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If a current trend continues, the Penn women’s basketball team is on pace for a perfect 28-0 season in three years.

The Quakers have improved their record by an average of five and a half games per season since Mike McLaughlin took over, from 2-26 three years ago to 13-15 last season.

Friday night, Penn opens its season at Norfolk State. The Quakers return 11 players, including junior Alyssa Baron and sophomore Kara Bonenberger — the two reigning Big 5 Rookies of the Year.

“We’re ready to go,” McLaughlin said .

The Red and Blue are looking to secure their first winning season since 2004-05. Improvement must begin on the offensive side, where they ranked No. 310 of 336 nationally in field goal percentage and No. 224 of 241 in three-point percentage a year ago.

“It’s getting easier baskets instead of setting up in our halfcourt and having to run against a setup defense,” Baron said. “It’s pushing the ball in transition and being able to get easier shots.”

Defense has been the strong suit of past McLaughlin-led teams. Last year, opponents averaged 57.5 points per game, the second-best mark in the Ancient Eight.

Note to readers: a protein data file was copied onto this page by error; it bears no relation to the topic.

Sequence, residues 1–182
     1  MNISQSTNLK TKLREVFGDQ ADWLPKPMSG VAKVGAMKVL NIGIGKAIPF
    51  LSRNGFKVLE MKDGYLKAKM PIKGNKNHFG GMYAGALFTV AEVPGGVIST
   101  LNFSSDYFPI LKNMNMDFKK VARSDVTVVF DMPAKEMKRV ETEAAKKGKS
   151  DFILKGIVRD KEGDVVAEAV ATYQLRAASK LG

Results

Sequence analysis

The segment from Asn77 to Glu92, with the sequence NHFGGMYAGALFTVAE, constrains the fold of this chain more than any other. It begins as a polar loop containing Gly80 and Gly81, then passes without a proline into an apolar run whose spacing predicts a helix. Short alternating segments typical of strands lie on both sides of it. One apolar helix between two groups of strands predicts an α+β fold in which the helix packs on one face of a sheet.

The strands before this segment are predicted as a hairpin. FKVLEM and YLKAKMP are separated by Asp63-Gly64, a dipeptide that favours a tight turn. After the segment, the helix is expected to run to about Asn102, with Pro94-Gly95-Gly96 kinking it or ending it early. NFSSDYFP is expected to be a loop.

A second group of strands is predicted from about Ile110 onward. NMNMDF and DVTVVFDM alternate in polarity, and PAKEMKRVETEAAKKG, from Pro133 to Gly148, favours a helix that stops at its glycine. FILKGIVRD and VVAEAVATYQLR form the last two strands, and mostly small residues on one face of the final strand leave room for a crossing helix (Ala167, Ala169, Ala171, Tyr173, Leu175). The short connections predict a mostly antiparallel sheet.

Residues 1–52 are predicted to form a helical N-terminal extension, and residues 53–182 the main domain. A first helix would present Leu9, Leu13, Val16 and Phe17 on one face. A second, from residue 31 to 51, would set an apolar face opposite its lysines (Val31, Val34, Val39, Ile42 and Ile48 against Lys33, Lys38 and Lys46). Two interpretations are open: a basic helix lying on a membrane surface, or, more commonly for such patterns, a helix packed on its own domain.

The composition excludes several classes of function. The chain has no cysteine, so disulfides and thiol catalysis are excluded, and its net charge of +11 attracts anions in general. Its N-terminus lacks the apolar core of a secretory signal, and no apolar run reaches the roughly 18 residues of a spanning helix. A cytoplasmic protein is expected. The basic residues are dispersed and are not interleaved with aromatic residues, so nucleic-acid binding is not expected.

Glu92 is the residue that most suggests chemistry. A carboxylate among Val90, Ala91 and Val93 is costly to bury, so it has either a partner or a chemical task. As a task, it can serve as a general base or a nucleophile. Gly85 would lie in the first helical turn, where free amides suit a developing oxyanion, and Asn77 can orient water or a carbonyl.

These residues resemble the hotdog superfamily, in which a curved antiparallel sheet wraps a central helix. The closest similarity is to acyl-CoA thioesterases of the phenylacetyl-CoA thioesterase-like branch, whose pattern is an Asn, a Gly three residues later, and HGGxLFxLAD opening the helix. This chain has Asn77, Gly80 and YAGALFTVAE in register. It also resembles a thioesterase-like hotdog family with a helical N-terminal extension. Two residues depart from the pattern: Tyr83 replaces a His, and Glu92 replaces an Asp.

With a schedule featuring two preseason top-25 teams in Virginia and Ivy foe Princeton, the Quakers have a difficult road ahead.

“Right now Princeton is a huge challenge for us and our league,” McLaughlin stated. “They are really good, so that’s a challenge. Those are the two most difficult games on our schedule.”

The City 6 has also haunted the Quakers under McLaughlin, under whom Penn is a combined 2-13 against Villanova, Temple, St. Joseph’s, La Salle and Drexel. Hosting four of the five contests — the lone road game coming down the street at Drexel — should give the Red and Blue an edge.

“It’s tough because the Big 5 teams are very good, and put Drexel in the mix as well,” McLaughlin said.

While the goal is always an Ivy League championship, the toughest task for the Quakers is Princeton, which has won the last three league titles. The Ivy slate begins against the Tigers on Jan. 12 and ends against them on March 12 at the Palestra.

The Quakers will need offensive production from players not named Bonenberger or Baron to be successful. Only five times last season did another player lead the team in scoring.

“Who is going to be our third and our fourth consistent scorer? I think we have some pieces,” McLaughlin said.

For the second consecutive season, an Ivy League preseason media poll picked the Red and Blue to finish fourth. With so much returning talent and potential to improve even more, all eyes will be on the Quakers to see if their upward trend can continue.

Baron predicts it will.

“I think this year will be the year,” she said.


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